Twist is a timely adaptation of Charles Dickens’ classic Oliver Twist,Â set in New Orleans on the eve of the Great Depression, featuring a contemporary score. Â It tells the saga of a young orphan boy, who was born to a white, aristocratic mother and a black song-and-dance man. The book is by Tony nominee William F. Brown and Tina Tippit.
The show’s score is in the style of 1920s New Orleans. It’s highlighted by ballads, jazz, blues, gospel and tap-infused dance numbers. The music is by Gary Prim, with lyrics and music by Grammy winner Tena Clark.
Allen on Dickens
“I think I was always a fan of Dickens’ original novel,” says Allen. “It’s about the journey of a kid who is trying to find out who he is in the world.Â Whether you’re an orphan or not, that’s a story for everybody I know. We’re all trying to find that out. We want to know what makes us tick and who matters to us. This show highlights the idea…that he’s an orphan and lost and now he’s a runaway and he’s got so many things against him he doesn’t know. Translating it to America, this child is from white and black parents. I realized after [the movie] Amistad [1997, which she co-produced] there are no pure people.”
A story, music and dance — this is the kind of show that’s made for Allen, who received Tony nominations for her performances in West Side Story and Sweet Charity. She loves putting a multi-faceted show together by connecting all the nuts and bolts.
“We’re a work in progress,” she says. “Musicals are like babies, you give birth, but they have to learn how to crawl, walk and run.Â We’re still finding things. When I sit with the cast I get ideas everyday.”
Although it’s clear she’s having fun, Allen takes her craft seriously. When she decides to take on a project, it’s for a well-thought-out reason.
“I want to be pulled into something I can wrap my mind and creativity around,” she says. “I want to be excited about it and the people I’m working with. When you do something like this, you’re baring your soul everyday. You come naked with your soul.”
When asked what kind of director she is, Allen replies, “I don’t know how to answer that. I get new ideas everyday. I do a lot of homework. I have a real thick game plan. I like to help the actors build their circumstances. I give them a whole syllabus. They have back-stories so they know where they’re living. I help them find the truth of each moment.”
One of those who appreciates Allen’s efforts is former American Idol contestant Tamyra Gray, whose melodic tones have wrapped themselves gently around every nook and cranny in the rehearsal hall.
When the married mother of nine-month-old daughter Sienna sings, people stop and listen. She plays a nightclub singer, named Della, with a dream and a past.Â Della’s encounter with “Twist” changes their lives forever.
Gray, who has also appeared in Rent and Bombay Dreams, can’t stop singing the praises of Allen. “This is fantastic,” she says. “When I think about the fact that I’m working with her, I have to keep it contained. I’ve always wanted to work with her. I’m not a trained dancer, but just having her energy and expertise sometimes makes me feel like one. She’s brilliant. The things she’s bringing out of me and everyone else are phenomenal.”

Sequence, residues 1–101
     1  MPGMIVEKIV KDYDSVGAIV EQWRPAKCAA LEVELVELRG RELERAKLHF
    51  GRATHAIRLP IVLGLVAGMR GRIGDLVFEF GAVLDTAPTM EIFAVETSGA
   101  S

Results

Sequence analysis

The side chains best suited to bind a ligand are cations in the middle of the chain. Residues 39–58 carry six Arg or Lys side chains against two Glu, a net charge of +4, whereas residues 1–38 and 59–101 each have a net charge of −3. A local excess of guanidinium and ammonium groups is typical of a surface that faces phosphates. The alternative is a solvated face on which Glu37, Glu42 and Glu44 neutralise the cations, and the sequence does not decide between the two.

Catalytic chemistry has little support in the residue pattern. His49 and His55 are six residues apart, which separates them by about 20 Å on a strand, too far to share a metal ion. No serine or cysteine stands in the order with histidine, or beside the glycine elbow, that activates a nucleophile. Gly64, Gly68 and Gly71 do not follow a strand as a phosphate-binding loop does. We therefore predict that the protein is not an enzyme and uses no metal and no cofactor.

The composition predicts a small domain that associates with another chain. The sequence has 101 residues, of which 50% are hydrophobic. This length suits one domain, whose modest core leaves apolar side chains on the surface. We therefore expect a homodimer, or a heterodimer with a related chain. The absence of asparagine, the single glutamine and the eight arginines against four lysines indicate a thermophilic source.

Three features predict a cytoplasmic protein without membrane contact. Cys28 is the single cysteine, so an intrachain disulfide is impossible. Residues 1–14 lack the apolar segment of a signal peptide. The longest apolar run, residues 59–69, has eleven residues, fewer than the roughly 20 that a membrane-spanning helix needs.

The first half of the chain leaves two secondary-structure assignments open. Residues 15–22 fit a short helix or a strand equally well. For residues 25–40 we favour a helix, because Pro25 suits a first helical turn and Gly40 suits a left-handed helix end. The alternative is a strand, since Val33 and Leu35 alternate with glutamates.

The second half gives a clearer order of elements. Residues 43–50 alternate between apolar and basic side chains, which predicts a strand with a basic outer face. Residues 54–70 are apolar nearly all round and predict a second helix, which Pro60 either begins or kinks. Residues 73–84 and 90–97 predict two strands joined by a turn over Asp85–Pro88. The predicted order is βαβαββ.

“She can do it all,” says Gray, who is from Atlanta but now lives in Northern California.Â “She’s honest and open to your ideas of what you envision for the character. She goes home and figures it out and then comes to talk to me and together we explore.”
“I like the collaborative part of theater,” says Allen. “Tamyra, oh my, she is lovely. What an intelligent, bright woman she is. She’s wide open. She comes with preparation. She’s open to ideas. What a powerful talent.”
Harold Wheeler, the Tony-nominated industry veteran who is currently the musical director of Dancing With the Stars, is also enjoying his collaborative relationship with Allen as he works on the show’s orchestrations.Â The two have known each other for 25 years and have done several projects together.
“Debbie does it all,” says Wheeler, 67. “She has the eye of a director, the business sense of a producer and the chops of a choreographer, without a doubt. It’s a pleasure working with her. Our working relationship stays a working relationship. If there is something she doesn’t like, she’ll tell me. It’s about the work.”
Last year Wheeler worked on Twist in Atlanta and looks forward to seeing it on its feet in Pasadena. For Wheeler, who 42 years ago became the first African American to conduct a Broadway show (Promises, Promises), the chance to work on this show was a no-brainer.
“The story is wonderful,” says Wheeler. “I fell in love with Tena’s [Clark] music 20 years ago. I wanted to work on the project because I think I can do something to paint the colors.”
“You want to work with a Harold Wheeler,” says Allen. “He’s the best, a consummate professional and good friend. They don’t come any better.”
Getting it Twisted
Matthew Johnson and his gang
Before she actually got the gig Allen had been hearing whispers about Twist but had never really inquired about working on the production.
Then she met lyricist Clark while working on a project together at the Alliance Theatre in Atlanta.
“She said, “˜I have a musical called Twist,’” says Allen. Â “I said, “˜I heard about it.’ Â She said maybe I’d be the one to make it go. So, I listened to the music. The music was alive and had breadth. The story of Twist translated to New Orleans is just beautiful and relevant. I am from that part of the world. Oh, but when I heard the music. You know it’s wonderful when you hear it one time and you can still hear it.
Clark didn’t have to twist Allen’s arm to get her on board.
“Oh, honey, they interviewed quite a few directors,” says Allen. “I was chanting and burning that candle. I won. And when they offered it to me I said, “˜I’d love to.’”